The arcane world of vintage and classic cars is filled with specialists, real or claimed. It is well nigh impossible for anyone to know all cars. So, top restorers or modifiers, be it individual or company, usually specialise in particular marques. So, where does one head if one wants a slice of automotive history that is totally usable as a regular driver?

There are a bunch of specialists that will cater to this need. They are based either in Europe or America and have made quite a name for themselves for the quality of their cars. They include names like Brabus, Singer, Rod Emory, Eagle and Thornley Kelham. Make no mistake though, these cars don’t come cheap and often carry price tags that overshadow those of the latest luxury rides. Here’s what you’d head to them for.


Rod Emory is a Porsche guy. For the most part he has been making ‘Emory Outlaw’s based on the Porsche 356, the first model of the brand. But Emory Motorsports, which he started with his wife Amy, now also makes performance-enhanced models like the RS and the 911 Outlaw. The 356 Outlaws get a Emory-Rothsport Outlaw-4 engine, which are four-cylinder boxers and have much better power than the stock engines. Emory’s aim was “to build the most iconic, yet personalised Porsche 356s on the planet and to deliver a customer experience unlike any other in the Porsche marketplace”. He seems to be doing that quite well in building up cars to what he calls “factory plus” standards. While there is no sticker price, he has rebuilt cars, including the donor car, for $400,000-500,000 for some.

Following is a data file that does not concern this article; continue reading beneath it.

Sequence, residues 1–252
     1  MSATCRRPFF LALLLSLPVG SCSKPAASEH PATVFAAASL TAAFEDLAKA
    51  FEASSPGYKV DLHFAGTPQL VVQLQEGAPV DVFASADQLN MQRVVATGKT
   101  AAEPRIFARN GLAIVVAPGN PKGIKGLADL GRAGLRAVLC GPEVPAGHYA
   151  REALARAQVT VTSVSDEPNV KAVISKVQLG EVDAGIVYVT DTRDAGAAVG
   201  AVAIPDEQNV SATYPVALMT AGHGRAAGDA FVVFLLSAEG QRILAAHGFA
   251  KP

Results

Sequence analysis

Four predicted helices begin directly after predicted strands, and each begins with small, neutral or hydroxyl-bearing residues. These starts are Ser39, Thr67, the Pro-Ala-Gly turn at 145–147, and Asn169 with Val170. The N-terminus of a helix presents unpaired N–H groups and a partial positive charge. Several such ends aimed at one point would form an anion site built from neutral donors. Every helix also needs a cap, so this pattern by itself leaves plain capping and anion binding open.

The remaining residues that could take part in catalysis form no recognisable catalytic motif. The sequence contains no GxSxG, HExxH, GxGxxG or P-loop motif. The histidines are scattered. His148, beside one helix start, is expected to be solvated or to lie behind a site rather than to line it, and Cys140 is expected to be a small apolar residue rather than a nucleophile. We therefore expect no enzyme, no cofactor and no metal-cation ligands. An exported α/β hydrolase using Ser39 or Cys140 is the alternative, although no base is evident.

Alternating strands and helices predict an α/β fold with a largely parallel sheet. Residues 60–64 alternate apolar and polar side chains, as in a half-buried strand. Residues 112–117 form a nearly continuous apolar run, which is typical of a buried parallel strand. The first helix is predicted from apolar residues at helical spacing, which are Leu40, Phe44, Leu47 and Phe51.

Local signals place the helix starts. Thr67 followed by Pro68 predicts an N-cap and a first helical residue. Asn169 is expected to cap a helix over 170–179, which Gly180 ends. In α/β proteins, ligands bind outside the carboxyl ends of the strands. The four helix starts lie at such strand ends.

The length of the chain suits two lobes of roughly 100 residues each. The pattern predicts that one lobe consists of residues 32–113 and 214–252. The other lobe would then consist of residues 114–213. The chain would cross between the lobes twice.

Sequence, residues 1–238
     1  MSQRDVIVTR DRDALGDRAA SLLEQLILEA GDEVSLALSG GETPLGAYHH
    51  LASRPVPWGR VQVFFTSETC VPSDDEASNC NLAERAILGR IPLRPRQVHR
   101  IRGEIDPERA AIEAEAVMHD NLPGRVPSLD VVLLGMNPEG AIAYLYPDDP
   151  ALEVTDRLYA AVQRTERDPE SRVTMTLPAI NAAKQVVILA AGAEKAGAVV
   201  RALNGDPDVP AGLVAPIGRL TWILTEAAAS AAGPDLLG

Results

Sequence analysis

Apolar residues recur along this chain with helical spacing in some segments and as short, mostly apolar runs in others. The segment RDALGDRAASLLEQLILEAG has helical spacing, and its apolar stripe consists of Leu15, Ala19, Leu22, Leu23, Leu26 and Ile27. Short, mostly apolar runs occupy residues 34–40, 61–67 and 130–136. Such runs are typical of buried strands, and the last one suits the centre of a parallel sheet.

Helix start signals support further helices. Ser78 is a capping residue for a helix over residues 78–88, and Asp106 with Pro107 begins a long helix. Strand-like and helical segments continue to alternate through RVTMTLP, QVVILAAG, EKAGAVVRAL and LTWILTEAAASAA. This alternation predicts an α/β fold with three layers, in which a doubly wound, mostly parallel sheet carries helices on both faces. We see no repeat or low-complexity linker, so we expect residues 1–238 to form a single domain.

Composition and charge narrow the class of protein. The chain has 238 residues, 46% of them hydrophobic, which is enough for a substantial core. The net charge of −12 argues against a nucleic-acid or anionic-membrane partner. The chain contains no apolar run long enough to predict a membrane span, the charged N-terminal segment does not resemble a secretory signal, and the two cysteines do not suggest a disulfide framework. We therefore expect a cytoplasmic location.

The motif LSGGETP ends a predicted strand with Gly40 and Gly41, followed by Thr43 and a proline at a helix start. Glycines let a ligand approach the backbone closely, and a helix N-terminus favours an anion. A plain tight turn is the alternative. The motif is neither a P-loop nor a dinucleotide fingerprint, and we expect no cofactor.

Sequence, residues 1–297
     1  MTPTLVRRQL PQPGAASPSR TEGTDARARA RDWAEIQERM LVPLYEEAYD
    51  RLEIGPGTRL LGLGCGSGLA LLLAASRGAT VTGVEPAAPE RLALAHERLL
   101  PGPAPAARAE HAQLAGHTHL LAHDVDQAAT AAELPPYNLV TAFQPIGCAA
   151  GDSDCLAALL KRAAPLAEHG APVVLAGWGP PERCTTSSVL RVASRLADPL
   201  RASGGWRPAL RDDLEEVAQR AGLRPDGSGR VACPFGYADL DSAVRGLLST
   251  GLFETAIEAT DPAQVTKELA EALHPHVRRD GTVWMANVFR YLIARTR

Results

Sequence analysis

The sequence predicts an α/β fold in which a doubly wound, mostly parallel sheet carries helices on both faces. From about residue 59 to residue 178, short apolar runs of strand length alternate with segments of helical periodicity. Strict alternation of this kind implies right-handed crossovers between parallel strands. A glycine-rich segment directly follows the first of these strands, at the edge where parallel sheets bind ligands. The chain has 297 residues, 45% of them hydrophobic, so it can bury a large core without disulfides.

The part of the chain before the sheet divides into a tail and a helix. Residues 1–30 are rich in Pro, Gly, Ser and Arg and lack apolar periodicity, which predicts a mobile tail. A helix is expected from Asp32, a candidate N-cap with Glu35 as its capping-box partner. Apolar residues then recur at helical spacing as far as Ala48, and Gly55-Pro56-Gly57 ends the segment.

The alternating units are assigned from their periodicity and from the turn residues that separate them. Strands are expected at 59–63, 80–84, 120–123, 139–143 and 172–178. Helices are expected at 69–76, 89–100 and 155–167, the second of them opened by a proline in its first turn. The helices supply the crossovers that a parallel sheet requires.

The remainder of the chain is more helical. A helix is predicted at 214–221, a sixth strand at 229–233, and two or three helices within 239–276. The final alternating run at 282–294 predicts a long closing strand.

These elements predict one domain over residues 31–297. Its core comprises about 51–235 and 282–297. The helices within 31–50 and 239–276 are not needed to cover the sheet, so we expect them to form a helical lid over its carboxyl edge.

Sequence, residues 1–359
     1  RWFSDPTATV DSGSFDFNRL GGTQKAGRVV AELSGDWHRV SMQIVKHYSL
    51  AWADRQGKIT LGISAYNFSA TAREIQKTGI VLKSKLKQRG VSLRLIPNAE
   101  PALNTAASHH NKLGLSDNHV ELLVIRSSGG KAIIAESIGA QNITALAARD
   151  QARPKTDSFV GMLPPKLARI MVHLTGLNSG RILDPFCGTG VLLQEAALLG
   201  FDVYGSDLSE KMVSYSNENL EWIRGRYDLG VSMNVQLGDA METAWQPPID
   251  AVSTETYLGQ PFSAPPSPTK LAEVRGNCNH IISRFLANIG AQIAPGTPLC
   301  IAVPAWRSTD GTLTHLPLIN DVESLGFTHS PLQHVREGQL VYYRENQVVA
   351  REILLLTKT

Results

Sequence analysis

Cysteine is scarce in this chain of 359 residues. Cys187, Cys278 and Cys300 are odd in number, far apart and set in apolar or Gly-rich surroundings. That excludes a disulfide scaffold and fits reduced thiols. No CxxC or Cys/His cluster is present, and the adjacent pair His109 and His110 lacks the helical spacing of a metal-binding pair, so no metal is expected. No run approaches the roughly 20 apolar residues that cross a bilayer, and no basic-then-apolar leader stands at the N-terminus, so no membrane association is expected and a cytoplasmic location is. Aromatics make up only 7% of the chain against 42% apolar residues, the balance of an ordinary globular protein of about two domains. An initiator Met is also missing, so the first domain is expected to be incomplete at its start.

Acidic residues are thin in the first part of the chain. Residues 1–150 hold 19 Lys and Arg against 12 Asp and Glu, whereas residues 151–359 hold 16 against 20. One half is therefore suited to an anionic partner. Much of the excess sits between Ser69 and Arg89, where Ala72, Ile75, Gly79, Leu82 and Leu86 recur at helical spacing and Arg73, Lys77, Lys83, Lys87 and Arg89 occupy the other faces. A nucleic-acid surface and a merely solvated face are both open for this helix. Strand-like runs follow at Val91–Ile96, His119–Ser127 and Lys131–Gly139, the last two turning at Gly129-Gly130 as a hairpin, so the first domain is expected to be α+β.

The Mercedes-Benz 300SL Gullwing does not need to have its credentials as a classic checked at any point. But with the passage of nearly three-quarters of a century since it was launched, many of the cars need more than an on-the-surface maintenance. Enter Brabus Classic. Bring your car over to them or source a car from them and they will take the whole thing down to the last nut and bolt, index every part, check which ones can be refurbished and which ones need to bereplaced and do so. Everything will be fixed up to the standard of the original car as it left the factory.

Brabus is so thorough that when they hand the car over, they reset the odometer to zero! It helps that Brabus is owned by Mercedes-Benz. Ballpark price of these cars is now around $1.5 million